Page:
This all comes after a busy past few weeks for Adidas and its full-on jump into Web 3 with a land purchase/partnership in metaverse project The Sandbox and also announcing a collaboration with Coinbase with a simple tweet using the Web 3 crypto slang phrase, “Probably nothing.” Brands fail to understand that Web 3 is about community-based ecosystems, not just financial ones. And they are talking directly to the communities and influencers, not their wallets.

Read more: Facebook Steals Another Crypto Idea for Its Nonsensical Rebrand

When AMC cinemas announced that it was starting to accept crypto for ticket sales and concessions, with a specific shoutout to dogecoin holders that it is the next crypto on the list, it got some great press and some supportive comments. However, the movie theater chain seems to have done little to build a toolset to support crypto, nor does it seem to be an active participant in being part of the larger crypto conversation. AMC did it for the eyeballs.

It is not alone. Burger King offered a rewards contest to win either one of 20 bitcoin, one of 200 ether or 1 of 2 million dogecoin, but you needed a RobinHood account to claim the rewards (a marketing partnership at its purest), and it was not very decentralized. Even when Visa bought CryptoPunk 7610 for about $150,000 in August, it barely did much with it beyond a blog post and changing its public relations Twitter handle’s profile picture for one day to the punk avatar. With the CryptoPunk floor now at over $383,000, it may be one of the few brand moves where a marketing purchase gained value after launch.

What AMC, Visa, Burger King and many others (looking at you Arizona Iced Tea, Coca-Cola, Nissan) are missing is that the true value in crypto, and especially Web 3, isn’t in purchasing a funny type of money. It’s about the community itself.

Crypto enthusiasts have always wanted to get others into the ecosystem. In 2015, I gave my daughter and nephew paper wallets with $50 in BTC on them for a Christmas gift, less because I wanted them to trade it in for cash but because I wanted them to start to see how the foundational theories around money were changing and that they could be a part of the movement, too. Brands should be looking at participation in the communities as much as they want people to participate and engage with their brands.

Whether an owner of a Bored Ape, involved in a DeFi liquidity pool or a contributor to ConstitutionDAO, people want others to “ape-in” to the projects not just because it may pump their holdings, but because they get to spend time with a larger and larger group of like-minded collectors and investors and meet others who are “in the club.”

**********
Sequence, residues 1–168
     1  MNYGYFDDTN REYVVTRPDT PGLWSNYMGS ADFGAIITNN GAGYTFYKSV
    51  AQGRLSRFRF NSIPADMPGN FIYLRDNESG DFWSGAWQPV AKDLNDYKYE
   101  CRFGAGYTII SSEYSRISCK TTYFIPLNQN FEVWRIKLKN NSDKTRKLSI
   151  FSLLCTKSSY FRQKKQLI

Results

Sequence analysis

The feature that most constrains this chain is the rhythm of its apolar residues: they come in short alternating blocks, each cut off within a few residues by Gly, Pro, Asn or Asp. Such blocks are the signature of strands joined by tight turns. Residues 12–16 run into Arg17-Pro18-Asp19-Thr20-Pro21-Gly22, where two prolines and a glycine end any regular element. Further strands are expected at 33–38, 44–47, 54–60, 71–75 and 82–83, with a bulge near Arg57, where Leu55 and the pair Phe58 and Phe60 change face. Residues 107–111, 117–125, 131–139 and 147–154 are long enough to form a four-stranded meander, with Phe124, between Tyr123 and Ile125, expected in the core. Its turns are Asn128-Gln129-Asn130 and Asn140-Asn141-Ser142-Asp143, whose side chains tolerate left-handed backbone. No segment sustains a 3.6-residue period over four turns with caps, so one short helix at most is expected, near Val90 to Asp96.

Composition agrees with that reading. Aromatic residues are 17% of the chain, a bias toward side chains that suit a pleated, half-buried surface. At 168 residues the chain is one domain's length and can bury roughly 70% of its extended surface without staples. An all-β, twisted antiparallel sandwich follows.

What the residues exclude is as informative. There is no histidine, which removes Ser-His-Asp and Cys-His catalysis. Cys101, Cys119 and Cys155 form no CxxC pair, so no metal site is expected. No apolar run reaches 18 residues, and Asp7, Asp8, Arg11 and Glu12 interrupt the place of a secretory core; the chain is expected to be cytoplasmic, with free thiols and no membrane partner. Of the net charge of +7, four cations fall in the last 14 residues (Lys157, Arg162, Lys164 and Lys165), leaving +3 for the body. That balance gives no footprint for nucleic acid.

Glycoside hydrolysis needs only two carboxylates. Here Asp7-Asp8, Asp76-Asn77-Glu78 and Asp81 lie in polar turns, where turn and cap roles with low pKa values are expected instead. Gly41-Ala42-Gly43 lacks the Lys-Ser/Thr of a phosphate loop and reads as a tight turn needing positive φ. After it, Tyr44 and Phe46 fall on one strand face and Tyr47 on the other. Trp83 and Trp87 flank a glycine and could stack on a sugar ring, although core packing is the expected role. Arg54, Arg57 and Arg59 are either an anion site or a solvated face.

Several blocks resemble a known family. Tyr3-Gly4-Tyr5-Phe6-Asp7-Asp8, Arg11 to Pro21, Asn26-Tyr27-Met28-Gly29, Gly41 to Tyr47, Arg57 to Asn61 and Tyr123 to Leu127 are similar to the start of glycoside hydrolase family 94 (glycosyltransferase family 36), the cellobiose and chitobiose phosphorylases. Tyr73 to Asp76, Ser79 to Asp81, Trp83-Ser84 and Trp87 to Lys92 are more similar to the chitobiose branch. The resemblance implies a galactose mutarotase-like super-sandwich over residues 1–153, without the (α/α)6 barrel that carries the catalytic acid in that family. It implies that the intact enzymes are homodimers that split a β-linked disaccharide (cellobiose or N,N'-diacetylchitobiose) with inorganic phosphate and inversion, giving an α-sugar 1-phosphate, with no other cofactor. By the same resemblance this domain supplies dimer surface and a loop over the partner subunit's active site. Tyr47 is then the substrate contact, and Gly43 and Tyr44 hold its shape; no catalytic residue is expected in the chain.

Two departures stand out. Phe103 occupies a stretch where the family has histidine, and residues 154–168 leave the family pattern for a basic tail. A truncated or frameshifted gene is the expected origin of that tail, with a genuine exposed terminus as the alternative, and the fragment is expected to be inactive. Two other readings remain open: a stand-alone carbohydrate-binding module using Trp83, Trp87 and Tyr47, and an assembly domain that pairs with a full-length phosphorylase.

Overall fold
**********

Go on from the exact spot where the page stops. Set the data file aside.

Spend time on Discord channels and users are talking about the project details. But many are also talking about where to vacation, what books to read, cars to check out and which shows they are watching. Just like anyone who has been holding bitcoin, ether or Cardano’s ADA for a few years, when you find your people you talk crypto. But you also talk about life just as much and how this movement is changing us as individuals and as a collective.

Read more: The Bored Ape Founders Haven’t Yet Joined the Yacht Club - Jeff Wilser

What mainstream brands are also not understanding is that the creators, influencers and entrepreneurs of the future are hanging out in these communities on Discord, Telegram, Twitter and other emerging Web 3 platforms. The more the brands engage these people now, the easier it will be to know them and work with them on future brand initiatives.

A few companies seem to be approaching it the right way.

Time Magazine has truly committed to its Web 3 initiative with an active Discord channel of over 8,000 subscribers, art drops with established and emerging artists, Twitter conversations and even a kids animated series based on an NFT artists’ collection. Anheuser-Busch seems to be taking the same route with its Discord server, having almost 5,500 users and a supposed Budweiser NFT drop to come soon.

Read more: Planet of the Bored Apes - Will Gottsegen

It’s a start, but just a start. These communities are full of smart, driven, generous people and ones that brands should authentically access and connect with now or pay exponentially later.

Back in 2016 when I owned a creative marketing agency, if I had told a brand that I could introduce it to a large group of hyperconnected people who are affluent, diverse, world travelers and who want nothing more than to align themselves with each other and the brands that support their ethos, lifestyle and journey with little more than a small financial investment and some spot-on community involvement, they all would have been ready to jump in.

Well, here they are and we are. Will brands take the plunge?